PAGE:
# Quantum vs. Classical Mechanic graphing

1. Oct 14, 2014

### terp.asessed

Hey, I am curious if there's a correspondence between Classical and Quantum Mechanics graphs in terms of Potential (or kinetic) Energy as a function of x, aside from equations?

2. Oct 14, 2014

### ShayanJ

In classical mechanics, particles cause potentials and particles are also affected by potentials. So there some kind of a consistency between them because a particle which is affected by another particle's potential field, can itself have a similar potential field. There are only some cases where you can have potentials which aren't related to some kind of a usual particles configuration, like a uniform electric field which can be caused only by charges at infinity.
But in QM, things are different. The potential used in the Schrodinger's equation is the same as the potential used in classical mechanics and so there is no difference in that sense. But if you want to know the electric potential field of an electron, then things get different. You should use the modulus squared of the electrons' wave function(times -e) as the charge density and find the electric potential but that depends on the wave function's form and so things are very different from classical mechanics here.So different that there can be no comparison in the way you want! Also the consistency I mentioned in the case of classical mechanics isn't present here and I think that's one important reason that pushed physicists for formulating Quantum theories for fields.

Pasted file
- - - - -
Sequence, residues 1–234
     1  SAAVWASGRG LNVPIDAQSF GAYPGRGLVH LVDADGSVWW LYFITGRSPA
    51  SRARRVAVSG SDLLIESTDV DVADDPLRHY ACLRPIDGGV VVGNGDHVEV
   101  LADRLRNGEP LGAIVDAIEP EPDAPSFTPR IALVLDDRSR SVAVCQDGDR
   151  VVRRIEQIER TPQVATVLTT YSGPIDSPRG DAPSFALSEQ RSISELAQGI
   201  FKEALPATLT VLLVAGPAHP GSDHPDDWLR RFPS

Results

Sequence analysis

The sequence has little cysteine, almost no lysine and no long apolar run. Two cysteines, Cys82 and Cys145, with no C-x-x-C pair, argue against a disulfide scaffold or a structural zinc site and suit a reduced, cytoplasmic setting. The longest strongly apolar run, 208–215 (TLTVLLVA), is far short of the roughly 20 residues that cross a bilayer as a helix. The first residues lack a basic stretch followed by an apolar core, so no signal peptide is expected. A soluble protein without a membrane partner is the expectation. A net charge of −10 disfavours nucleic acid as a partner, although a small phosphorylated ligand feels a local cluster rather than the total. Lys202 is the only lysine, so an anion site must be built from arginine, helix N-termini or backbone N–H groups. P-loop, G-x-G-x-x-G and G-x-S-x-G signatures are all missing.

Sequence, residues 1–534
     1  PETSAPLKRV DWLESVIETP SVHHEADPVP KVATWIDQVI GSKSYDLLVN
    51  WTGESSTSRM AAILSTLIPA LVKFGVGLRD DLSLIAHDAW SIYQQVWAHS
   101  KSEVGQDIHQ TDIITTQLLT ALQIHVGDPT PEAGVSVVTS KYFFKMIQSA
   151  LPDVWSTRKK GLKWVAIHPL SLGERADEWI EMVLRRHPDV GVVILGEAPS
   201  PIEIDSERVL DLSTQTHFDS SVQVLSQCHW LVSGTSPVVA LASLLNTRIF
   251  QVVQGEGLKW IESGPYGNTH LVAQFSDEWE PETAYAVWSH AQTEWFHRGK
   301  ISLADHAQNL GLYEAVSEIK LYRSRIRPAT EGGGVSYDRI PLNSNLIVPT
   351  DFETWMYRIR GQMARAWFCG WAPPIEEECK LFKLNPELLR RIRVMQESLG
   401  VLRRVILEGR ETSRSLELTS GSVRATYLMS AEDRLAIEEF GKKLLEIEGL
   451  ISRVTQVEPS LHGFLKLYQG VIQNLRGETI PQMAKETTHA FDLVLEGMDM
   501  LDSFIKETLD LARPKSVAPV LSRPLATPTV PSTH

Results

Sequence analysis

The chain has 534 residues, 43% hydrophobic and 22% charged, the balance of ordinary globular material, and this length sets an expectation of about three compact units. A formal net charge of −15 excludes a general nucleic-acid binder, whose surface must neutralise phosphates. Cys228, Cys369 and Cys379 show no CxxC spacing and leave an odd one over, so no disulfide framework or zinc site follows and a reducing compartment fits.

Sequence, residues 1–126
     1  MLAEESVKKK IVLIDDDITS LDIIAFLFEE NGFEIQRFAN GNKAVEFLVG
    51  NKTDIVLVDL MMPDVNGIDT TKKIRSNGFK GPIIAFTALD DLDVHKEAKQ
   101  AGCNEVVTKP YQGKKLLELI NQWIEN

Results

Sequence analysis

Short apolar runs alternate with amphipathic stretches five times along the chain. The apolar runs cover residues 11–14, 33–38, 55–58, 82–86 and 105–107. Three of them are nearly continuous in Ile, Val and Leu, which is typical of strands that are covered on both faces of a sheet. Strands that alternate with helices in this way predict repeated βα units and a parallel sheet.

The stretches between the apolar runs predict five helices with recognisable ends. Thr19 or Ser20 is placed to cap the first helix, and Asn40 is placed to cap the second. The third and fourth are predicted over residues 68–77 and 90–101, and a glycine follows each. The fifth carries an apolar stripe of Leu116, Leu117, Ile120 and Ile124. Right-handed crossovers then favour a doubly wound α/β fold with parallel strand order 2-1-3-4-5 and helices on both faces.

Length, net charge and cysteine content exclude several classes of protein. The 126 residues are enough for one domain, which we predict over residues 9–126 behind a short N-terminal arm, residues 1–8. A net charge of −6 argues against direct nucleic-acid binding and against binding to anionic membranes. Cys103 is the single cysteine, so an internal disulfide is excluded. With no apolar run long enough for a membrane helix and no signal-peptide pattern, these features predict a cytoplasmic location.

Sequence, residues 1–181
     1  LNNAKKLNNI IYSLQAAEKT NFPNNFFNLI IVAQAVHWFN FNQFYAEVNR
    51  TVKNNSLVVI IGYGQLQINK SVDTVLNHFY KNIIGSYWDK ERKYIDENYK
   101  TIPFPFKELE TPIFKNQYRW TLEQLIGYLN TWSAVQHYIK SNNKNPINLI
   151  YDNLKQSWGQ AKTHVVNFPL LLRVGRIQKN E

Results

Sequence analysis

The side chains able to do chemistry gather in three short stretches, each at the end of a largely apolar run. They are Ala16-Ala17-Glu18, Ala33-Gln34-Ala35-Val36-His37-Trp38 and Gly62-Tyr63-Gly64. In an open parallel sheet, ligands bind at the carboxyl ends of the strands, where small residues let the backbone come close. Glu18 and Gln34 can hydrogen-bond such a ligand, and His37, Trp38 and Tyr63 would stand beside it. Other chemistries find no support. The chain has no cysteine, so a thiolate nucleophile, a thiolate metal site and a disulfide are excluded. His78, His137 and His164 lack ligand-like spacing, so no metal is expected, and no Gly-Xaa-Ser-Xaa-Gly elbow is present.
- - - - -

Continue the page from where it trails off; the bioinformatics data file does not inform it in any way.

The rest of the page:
In QFT things are even more different!

3. Oct 14, 2014

### terp.asessed

Thanks for the info! Btw, if you don't mind, could you pls expand on:

I thought that it only applied in the case where energy level (n) in the QM is very large to the point the wave behaves more like Classical than Quantum Mechanics?

4. Oct 14, 2014

### ShayanJ

I think its better to explain in using an example. Consider a particle in the potential $V(x)=\frac{1}{2} k x^2$. As you can see, there is nothing here that tells us we want to do it classically or quantum mechanically. That's exactly what I mean. The procedures, equations, interpretations and solutions are different, but the potential is the same!
You use $V(x)=\frac{1}{2} k x^2$ for solving the classical problem and when you want to solve the quantum mechanical problem, you use the same thing and you do nothing to make it quantum mechanical!

5. Oct 14, 2014

### terp.asessed

Ok, thanks!

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